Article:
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18 January, 2022

WEF report: Two-thirds of China’s GDP is at risk from nature loss

A new report from the World Economic Forum focuses on the economic case for safeguarding nature in China.

By Sebastian Shehadi

Nearly $9trn (57trn yuan), two-thirds of China’s total gross domestic product, is at risk of disruption from ‘nature loss’, according to a report from the World Economic Forum (WEF), released on the first day of the 2022 Davos conference. 

By making China’s economy ‘nature-positive’, the WEF reports says that Beijing could generate $1.9trn in additional annual revenue and create 88 million jobs by 2030.

“Businesses can create a virtuous cycle between people, planet and profit,” said Gim Huay Neo, managing director of the WEF, in a press release. “Investing in and living in harmony with nature will better secure sustained performance and prosperity. Chinese businesses can harness technologies and innovation, while adopting and promoting the UN Global Biodiversity Framework to collectively shape a more resilient and beautiful future for China.” 

The report says that significant economic opportunities can be created if new business practices are adopted across three interconnected socio-economic systems: food, land and ocean use; infrastructure and the built environment; and energy and extractives.

Regarding food, land and ocean use, the WEF refers to six transitions that could create almost $565bn in additional annual revenue, while adding 34 million new jobs by 2030. One of the transitions identified would be eco-tourism, estimated to create some $53bn of additional revenue in China. Eco-tourism would accelerate ecosystem restoration and decrease land and ocean exploitation.

With regards to infrastructure and the built environment, the report recommends five transitions to transform this system that could add roughly $590bn in annual revenue and create 30 million jobs by 2030. One way would be to promote the use of smart parking, a market worth $94bn in 2020 but expected to grow to about $219bn by 2025. 

Last but not least is energy and extractives. By enacting four transitions China could create almost $740bn in additional revenue per year, and 23 million new jobs by 2030. For one, the country could improve how resources are used or reused throughout a vehicle’s lifecycle, something that could create roughly $122bn of commercial value and more than 3.7 million jobs by 2030.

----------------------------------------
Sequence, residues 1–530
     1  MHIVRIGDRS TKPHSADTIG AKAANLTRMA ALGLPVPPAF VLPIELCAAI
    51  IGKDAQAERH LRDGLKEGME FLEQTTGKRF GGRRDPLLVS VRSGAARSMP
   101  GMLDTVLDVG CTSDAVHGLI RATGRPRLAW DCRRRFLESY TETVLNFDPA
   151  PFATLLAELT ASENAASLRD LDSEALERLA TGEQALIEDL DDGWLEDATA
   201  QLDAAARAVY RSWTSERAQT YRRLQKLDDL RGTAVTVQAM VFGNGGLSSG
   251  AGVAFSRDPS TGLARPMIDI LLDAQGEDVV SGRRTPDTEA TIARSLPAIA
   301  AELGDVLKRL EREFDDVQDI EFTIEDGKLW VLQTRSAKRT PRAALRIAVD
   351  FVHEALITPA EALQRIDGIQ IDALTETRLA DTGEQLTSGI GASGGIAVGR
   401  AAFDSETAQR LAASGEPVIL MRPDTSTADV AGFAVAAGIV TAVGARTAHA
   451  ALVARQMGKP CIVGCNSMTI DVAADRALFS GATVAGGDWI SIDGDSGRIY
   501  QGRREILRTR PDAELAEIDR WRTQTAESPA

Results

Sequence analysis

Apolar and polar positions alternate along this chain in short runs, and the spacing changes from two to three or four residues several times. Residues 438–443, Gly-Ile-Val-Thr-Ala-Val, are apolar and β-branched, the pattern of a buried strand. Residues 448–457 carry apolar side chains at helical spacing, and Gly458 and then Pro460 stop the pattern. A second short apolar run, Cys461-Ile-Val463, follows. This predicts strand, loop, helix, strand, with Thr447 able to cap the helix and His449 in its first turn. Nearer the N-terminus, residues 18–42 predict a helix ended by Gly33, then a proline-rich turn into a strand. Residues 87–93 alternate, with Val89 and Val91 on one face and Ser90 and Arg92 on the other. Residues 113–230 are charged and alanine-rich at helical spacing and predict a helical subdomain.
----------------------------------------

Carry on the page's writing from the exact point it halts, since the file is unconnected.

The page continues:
“Nature is critical to China’s continued prosperity and social development,” said Justin Lin Yifu, dean at the Institute of New Structural Economics, Peking University, Beijing. “It is also at the heart of its ‘ecological civilisation’ vision and intrinsically linked to its climate agenda. While our economy is currently facing non-negligible risk from nature loss, this report shows that taking bold action to ‘put nature first’ can secure our economic, social and climate ambitions while creating substantial business value.” 

The report also sets out how China is well placed to lead the transition to a carbon-neutral and nature-positive economy by delivering its “ecological civilisation” vision and implementing its new national biodiversity conservation strategy.

“China is uniquely positioned to lead a global movement towards a nature-positive, carbon-neutral future,” said Elizabeth Mrema, executive secretary of the UN Convention on Biological Diversity. “As the president and host of the Convention on Biological Diversity’s COP15, it provides leadership in setting forth an integrated agenda which builds societal, economic and ecological resilience.”

The potential gains for China in transforming its economy represent nearly 20% of global business opportunities and jobs creation. As the world enters a decisive decade for action on nature and climate, the Chinese government and the country’s businesses need to work closely to raise global ambition on biodiversity commitments, drive policy and regulatory changes, lead technological innovations, and mobilise investment. 

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